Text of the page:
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LORIMIER, Peter

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Peter Lorimier. Photo courtesy: Bob Reding
Family History: http://wc.rootsweb.ancestry.com/cgi-bin/igm.cgi?op=GET&db=judydavison&id=I3965


LORIMIER, Peter. (Montreal, Canada, Jan. 1783-Dubuque, IA, Oct. 1871). MAYOR. Despite having little formal education, he was hired as a clerk for traveling traders involved in the FUR TRADE. He later went into business for himself and settled in Detroit and then Chicago as one of its first white residents. He traded as far south at St. Louis and northward along the Platte River. He finally opened a trading post near Galena. He was also involved in LEAD MINING and received one of the first certificates granting him the privilege of harvesting timber on 320 acres to supply his furnaces. Prior to the BLACK HAWK WAR he erected a stockade to protect himself and other living nearby. (1)

Coming to Dubuque in 1833, Lorimier began both MINING and merchandising activities and met with sufficient success to purchase land around Dubuque as well as in the town.

On September 8, 1834, he was appointed Supreme Court Commissioner for that part of Michigan Territory west of the MISSISSIPPI RIVER. He the first person given judicial responsibility in present-day Iowa and part of Minnesota. (2) In 1838, Lorimier served as a county commissioner along with Andrew Bankston and James FANNING. (3)

Confident in the future of Dubuque, Lorimer invested a large amount of money in 1857 in the construction of the LORIMIER HOUSE. In 1871 it was still the largest hotel in the city. (4)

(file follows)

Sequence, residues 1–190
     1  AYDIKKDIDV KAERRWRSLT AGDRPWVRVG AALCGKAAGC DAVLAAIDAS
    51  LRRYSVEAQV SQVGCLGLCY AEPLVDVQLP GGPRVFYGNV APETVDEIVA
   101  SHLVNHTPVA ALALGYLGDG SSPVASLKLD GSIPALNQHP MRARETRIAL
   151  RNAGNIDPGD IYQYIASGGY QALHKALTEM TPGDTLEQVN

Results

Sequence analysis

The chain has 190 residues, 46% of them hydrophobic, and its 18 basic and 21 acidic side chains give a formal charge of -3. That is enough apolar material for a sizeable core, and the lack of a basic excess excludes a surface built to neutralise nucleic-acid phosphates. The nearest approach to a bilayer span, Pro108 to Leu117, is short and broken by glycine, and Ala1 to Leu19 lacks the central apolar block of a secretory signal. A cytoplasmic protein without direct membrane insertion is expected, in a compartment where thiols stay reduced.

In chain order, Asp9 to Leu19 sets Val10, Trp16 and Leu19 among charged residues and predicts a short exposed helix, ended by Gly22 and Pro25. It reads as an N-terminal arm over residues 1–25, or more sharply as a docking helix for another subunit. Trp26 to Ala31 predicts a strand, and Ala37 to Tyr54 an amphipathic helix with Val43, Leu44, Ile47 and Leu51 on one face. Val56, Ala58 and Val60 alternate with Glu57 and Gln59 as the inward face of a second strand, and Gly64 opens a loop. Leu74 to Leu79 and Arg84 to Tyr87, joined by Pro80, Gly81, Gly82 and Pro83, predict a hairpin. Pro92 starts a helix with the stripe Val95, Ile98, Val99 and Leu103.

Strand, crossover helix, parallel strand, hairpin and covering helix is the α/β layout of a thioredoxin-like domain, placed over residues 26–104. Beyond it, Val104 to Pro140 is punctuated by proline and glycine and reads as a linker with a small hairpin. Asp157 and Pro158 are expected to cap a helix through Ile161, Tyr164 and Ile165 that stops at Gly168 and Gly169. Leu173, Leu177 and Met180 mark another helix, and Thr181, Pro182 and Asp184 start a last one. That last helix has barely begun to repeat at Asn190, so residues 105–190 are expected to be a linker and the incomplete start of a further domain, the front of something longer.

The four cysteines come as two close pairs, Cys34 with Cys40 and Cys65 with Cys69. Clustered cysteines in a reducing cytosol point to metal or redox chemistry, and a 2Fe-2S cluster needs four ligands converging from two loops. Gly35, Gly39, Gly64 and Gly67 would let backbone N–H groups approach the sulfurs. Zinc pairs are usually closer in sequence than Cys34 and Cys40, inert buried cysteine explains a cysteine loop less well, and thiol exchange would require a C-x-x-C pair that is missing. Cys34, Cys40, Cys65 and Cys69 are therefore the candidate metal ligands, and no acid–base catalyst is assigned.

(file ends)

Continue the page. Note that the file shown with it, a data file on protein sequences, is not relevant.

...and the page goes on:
Lorimier was elected mayor of Dubuque in 1847. (5) During his first term of office steps to organize three fire companies were taken in January,1847; the old fire engine was found to be practically useless; fire ladders were ordered for the upper, lower and central sections. The Fulweiler slaughter house was ordered removed from the city limits in February, 1847; but evaded the order and remained. The islands in front of the city were reserved from public sale. By paying $50 the council obtained permission to use for fire purposes the well of Emerson Shields on Fourth street. (6)

Upon the payment of $100 Timothy Fanning was given exclusive ferry privileges in 1847-8. The grading of Bluff street from Dodge to Twelfth was ordered in May, 1847. A room for a "calaboose" was ordered rented and fitted up; it was ready in July. In August, 1847, the mayor was authorized to buy the islands in front of the city. (7)

He was re-elected in 1851. (8) That year the public square was ordered rented to the highest bidder; grocery (wet) license was fixed at $150, and beer license at $75 per annum. Thomas S. WILSON was authorized to sell the city's $20,000 bonds in New York city. (9)

Proposals for furnishing a steam ferry to travel between Dubuque and the Illinois shore were called for in June, 1851. At this time a proposition to build a suspension bridge across the Mississippi was received from A. G. Garver. The council considered building a PLANK ROAD from Bluff street to the western boundary of the city. The proposition of S. L. Gregoire to furnish a steam ferry was accepted. The offer of T. Davis of ten acres and a house to be used as a hospital, at a cost of $625, was accepted by the council. (10)